Anna's Hummingbird

From All Birds Wiki

Other names[edit]

Description[edit]

Anna's Hummingbirds are, of course, small birds (3.9 to 4.3 inches/10-11 cm long). The males have iridescent light crimson crown, and bronze-green and grey plumage. Some outer feathers have white tips. The females and juveniles lack the iridescent crown, instead having a dull green crown. They have some red markings along their grey throats.1 All have iridescent bronze-green plumage on their backs.

Similar species[edit]

Some people confuse the male Anna's Hummingbird with the better known Ruby-throated Hummingbird due to their very similarly coloured plumage.


Behaviour[edit]

Male Anna's are very territorial, attacking larger birds (including geese and eagles) that pass through it's territory. (A male Anna's was once found dead by a hunter, tangled in the feathers of the Canada Goose it had attacked.) They will divebomb people and other hummingbirds who are near their primary food source, making a "booming" sound with their tail feathers as they do to drive them off. They also make this noise during their mating ritual, in which they will fly up to 130 m in the air and dive straight down.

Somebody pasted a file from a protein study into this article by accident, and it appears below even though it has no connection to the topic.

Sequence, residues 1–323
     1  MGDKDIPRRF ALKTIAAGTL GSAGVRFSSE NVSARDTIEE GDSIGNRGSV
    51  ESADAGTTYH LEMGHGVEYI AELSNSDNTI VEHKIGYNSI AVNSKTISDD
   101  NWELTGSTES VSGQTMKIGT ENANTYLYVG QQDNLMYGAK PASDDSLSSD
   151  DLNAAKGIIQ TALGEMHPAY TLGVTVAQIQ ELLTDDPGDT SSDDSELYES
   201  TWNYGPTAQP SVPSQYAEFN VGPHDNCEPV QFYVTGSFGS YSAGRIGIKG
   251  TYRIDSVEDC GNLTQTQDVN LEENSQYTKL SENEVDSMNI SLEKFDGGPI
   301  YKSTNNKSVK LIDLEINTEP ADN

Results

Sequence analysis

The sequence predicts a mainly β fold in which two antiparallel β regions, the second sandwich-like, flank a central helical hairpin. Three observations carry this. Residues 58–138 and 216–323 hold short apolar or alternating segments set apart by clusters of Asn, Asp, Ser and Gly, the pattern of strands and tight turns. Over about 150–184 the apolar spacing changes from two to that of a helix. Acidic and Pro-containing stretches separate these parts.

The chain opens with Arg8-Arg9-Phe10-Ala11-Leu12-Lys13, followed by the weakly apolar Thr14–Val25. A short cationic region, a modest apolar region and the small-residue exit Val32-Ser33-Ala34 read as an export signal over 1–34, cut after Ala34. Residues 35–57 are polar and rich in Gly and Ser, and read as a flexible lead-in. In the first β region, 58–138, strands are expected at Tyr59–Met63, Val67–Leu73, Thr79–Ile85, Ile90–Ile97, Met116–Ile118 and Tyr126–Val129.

Diet[edit]

Anna's Hummingbirds eat nectar, flying insects, and spiders, and have been seen to consume tree sap on occasion.

Calls[edit]

A squeaky, high pitched looping "bzz bzz, bzz bzz, bzz bzz, bweee" call is a variant of their primary call.2

Reproduction[edit]

Distribution/habitat[edit]

Anna's tend to live along the Pacific coast of North America, from British Columbia down to Arizona.

References[edit]

1.http://en.wikipedia.org/wiki/Anna's_Hummingbird 2.http://www.allaboutbirds.org/guide/annas_hummingbird/sounds

External links[edit]

Projects

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File:Paw 1.png This article is part of Project Aves, a All Birds project that aims to write comprehensive articles on each bird, including made-up species.
This article is part of Project Apodiformes, a All Birds project that aims to write comprehensive articles on each hummingbird, swift and tree swift, including made-up species.
File:Trochilidae diversity.png This article is part of Project Trochilidae, a All Birds project that aims to write comprehensive articles on each hummingbird, including made-up species.